Do You Recommend Those Yellow-Tinted Glasses For Night Driving?
Posting Date: 01/31/2000
Dave: What do you think about those yellow-tinted night driving glasses? The ad says they're scientifically designed and that they cut down on headlight glare and the glare caused by wet weather.
Dr. Dean: We can pick out daffodils on a hill on a late summer night because as the intensity of light fades, yellow is the last color to go.
So, I imagine the idea is that wearing the yellow goggles will make the most of the light exposure we receive. But adding color to light decreases its intensity and at night, we want as much light as possible to reach our eyes.
I have not seen any reports presenting evidence on these glasses, and I don't think that color can make enough of a difference. Perhaps they are based on a type of Polarization. Polarized lenses do cut glare and reflected light; they really work.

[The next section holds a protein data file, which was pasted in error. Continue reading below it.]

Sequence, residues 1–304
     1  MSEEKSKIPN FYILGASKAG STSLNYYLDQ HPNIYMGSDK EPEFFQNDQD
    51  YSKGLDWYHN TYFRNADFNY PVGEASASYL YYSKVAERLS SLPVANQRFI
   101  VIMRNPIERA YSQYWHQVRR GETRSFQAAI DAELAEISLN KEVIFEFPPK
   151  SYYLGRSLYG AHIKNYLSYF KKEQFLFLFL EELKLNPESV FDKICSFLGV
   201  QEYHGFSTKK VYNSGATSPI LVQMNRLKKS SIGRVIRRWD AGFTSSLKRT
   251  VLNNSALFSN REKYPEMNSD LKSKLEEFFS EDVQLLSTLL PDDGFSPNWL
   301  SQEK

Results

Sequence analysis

Glare can actually come from within our own eyes, and is one of the symptoms of glaucoma. As we age, the nucleus of the lens can harden and cause problems. Also, we are a little more nearsighted at night, which causes blurred vision, so a doctor's prescription to correct that would improve night vision.
If you are seeing a lot of glare, I suggest you get an exam and make sure that your eyes are healthy before you buy a pair of these glasses.
Send me the ad you have and I'll be glad to look into it, but without good clinical data, I won't make recommendations on night-driving behavior.